At Uvero we saw a memorial to the first major battle won by Castro on May 28, 1957: his soldiers overtook a position guarded by 53 Batista soldiers. Our stop that night was the Sierra Mar Resort at Playa Sevilla, about 40 miles west of Santiago. It is a big pyramid-shaped tourist hotel built into a terraced hillside. Such hotels offer package deals that include meals, snorkeling, swimming pools, tennis courts and the like. We woke in the morning to a steady downpour and flooded hallways. By noon, there was no break in the weather and so most of us piled into a rented bus for an hour's drive to Santiago de Cuba. Four of our party, however, chose to ride in the heavy rain.

Santiago de Cuba is the nation's second- largest city, with many cultural sites. We visited the Bacardí museum with an art collection and more war memorabilia, including ominous Spanish instruments of torture. In the Santa Ifigenia cemetery were mausoleums to the heroes we had been following. San Juan Hill, where Theodore Roosevelt led the Rough Riders to victory over Spain, is bedecked with statues, plaques and a tower that explains what happened in 1898 from both Cuban and American points of view. We also rode out to El Cobre, to see the Basilica de Nuestra Señora del Cobre, the beautiful colonial church that is Cuba's holiest shrine — where Ernest Hemingway placed his 1954 Nobel Prize for good luck.

Private accommodations in Cuba are not meant for persnickety Americans who might require luxuries like hot water, comfortable mattresses or toilet paper. On the outside, our 17-story apartment building in Santiago looked like Fort Apache in the South Bronx — grimy, dark, depressing. But the apartments inside were clean and neat, with basic amenities. We came to call these little surprises "the Cuban experience" — no service at restaurants, elevators that skip every two floors, single 40-watt bulbs for a whole room — all delivered by extraordinarily warm, friendly people. We never encountered ill feelings toward Americans.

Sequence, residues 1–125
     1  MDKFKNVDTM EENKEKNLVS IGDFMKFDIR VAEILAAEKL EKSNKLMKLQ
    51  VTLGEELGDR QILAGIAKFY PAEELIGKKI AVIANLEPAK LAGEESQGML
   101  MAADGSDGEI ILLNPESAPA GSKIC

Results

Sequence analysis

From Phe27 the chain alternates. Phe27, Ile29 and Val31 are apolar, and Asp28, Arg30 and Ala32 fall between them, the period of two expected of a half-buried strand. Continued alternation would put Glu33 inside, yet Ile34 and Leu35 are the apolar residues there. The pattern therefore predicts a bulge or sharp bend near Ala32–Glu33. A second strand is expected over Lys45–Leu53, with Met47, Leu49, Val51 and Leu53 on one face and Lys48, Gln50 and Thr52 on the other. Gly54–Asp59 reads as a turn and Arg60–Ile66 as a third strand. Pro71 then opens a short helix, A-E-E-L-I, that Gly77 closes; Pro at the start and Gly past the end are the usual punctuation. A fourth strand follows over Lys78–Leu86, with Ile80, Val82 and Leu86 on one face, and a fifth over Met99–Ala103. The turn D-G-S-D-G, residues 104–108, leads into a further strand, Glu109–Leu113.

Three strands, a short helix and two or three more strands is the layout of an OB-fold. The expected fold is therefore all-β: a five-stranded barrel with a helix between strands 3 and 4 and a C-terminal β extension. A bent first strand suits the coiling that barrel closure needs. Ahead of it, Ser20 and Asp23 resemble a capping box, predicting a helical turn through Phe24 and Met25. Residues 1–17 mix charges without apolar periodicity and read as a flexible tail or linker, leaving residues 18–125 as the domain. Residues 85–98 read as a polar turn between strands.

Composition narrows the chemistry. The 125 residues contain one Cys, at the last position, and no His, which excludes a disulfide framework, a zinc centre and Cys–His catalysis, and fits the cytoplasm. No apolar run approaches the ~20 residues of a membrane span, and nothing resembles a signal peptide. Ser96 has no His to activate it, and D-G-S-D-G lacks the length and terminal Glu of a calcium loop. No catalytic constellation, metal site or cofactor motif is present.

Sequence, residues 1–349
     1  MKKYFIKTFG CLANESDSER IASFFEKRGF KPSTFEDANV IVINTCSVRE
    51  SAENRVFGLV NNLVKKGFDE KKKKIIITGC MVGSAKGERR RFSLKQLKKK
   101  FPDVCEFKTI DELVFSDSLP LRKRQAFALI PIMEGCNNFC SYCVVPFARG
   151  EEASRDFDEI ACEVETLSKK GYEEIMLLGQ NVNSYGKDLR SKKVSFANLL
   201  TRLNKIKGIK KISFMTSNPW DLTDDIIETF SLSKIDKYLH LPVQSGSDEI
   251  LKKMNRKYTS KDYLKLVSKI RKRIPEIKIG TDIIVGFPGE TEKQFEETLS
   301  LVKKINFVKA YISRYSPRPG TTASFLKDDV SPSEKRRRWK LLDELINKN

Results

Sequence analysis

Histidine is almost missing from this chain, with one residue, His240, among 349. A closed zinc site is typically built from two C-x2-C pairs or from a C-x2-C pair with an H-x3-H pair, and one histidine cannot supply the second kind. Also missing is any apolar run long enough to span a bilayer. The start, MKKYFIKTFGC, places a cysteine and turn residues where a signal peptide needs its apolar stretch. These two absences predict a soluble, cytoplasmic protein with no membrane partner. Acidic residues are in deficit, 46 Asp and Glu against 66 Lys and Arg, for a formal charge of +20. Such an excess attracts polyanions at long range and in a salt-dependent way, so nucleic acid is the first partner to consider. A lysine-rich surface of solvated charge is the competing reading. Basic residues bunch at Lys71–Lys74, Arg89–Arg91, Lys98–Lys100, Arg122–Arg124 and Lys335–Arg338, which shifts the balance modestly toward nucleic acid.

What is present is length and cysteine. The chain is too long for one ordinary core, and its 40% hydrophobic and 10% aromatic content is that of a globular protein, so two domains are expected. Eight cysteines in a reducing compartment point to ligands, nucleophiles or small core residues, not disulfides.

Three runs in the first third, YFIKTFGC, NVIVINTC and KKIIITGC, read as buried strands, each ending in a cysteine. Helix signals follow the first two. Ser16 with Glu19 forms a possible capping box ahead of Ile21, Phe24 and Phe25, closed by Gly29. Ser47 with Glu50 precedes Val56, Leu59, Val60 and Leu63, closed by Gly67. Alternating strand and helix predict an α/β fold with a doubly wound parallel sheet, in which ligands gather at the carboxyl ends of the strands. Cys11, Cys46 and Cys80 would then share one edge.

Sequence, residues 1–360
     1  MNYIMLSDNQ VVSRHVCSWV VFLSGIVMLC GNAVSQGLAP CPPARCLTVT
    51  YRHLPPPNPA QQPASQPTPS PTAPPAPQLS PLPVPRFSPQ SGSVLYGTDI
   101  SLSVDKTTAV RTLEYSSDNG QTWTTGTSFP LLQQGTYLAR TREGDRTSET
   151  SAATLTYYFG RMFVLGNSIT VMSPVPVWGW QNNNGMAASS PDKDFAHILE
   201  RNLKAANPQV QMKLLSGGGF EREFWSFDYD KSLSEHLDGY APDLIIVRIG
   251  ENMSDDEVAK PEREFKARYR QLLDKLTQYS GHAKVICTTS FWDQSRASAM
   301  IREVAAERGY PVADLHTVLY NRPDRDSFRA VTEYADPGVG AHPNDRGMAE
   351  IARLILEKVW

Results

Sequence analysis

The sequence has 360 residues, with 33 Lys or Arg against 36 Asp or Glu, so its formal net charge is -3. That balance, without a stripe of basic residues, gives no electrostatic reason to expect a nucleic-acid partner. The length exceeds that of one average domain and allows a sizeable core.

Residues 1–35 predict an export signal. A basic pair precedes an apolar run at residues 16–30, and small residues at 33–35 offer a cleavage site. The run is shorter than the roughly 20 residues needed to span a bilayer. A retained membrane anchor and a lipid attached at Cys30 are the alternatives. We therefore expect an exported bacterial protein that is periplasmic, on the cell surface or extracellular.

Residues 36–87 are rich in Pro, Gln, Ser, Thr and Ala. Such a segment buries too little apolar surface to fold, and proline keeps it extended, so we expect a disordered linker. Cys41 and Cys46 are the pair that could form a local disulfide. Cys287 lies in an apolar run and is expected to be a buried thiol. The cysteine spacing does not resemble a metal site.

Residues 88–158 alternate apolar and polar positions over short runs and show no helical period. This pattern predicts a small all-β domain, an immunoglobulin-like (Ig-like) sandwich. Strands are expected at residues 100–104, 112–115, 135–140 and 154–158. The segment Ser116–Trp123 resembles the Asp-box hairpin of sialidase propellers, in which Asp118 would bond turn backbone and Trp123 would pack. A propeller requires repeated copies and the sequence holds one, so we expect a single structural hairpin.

Cuban culture, we discovered, is distinctive and flourishing. That night we visited a folk music center where young and old musicians perform. Cuban singers use outstretched arms and direct eye contact to scoop you into their ballads. Dancers gyrate in perfect tempo, as if bound by a magnetic force.

Our next stop, after two days in Santiago, was Guantánamo, a city that held few charms. Even if we had had time, we could not ride out to see the American naval base because of security checkpoints.

We spent the night at the Hotel Guantánamo talking about the challenge that lay ahead the next day. Pedro told us that there were no accommodations between Guantánamo and our final destination, Baracoa, almost 100 miles away. There was also a mountain range in between, which he thought would be very difficult to ride. That was like waving a red flag before the members of our group. We took off early with a plan to meet the truck in the town of Imías, which is on the south coast, or to ride the whole way.

Soon after Imías, the road begins a serpentine 50-mile climb over the Purial mountains. Called La Farola, this road is an engineering marvel with cantilevered pavement for much of its length. The views along the route are splendid. Dense tropical forests climb staircases of misty hills. Near the summit, farmers wait for passing vehicles to sell bananas, pineapple and coffee beans.

In the end, only four of our group rode the whole way while the rest jumped into the truck at Imías. To my lasting regret, I rode in the truck because I believed Pedro when he said the climb would be exceptionally difficult. But it was the kind of climb that cyclists dream about.

Baracoa, the first Spanish town in Cuba, may have been where Christopher Columbus first set eyes on the island in 1492. The small, nicely designed museum on the waterfront traces this interesting history. Because Baracoa is bordered by spectacular beaches, it is being developed for tourism; for this reason we were, for the first time on our trip, badgered by jineteros — hustlers and prostitutes.

After a bus ride back to Santiago and a flight to Havana, we packed our bikes and headed home. We had ridden up to 500 miles, and cumulatively had climbed 14,000 vertical feet. And we thought Cuba was going to be flat.   

Copyright 2001 The New York Times Company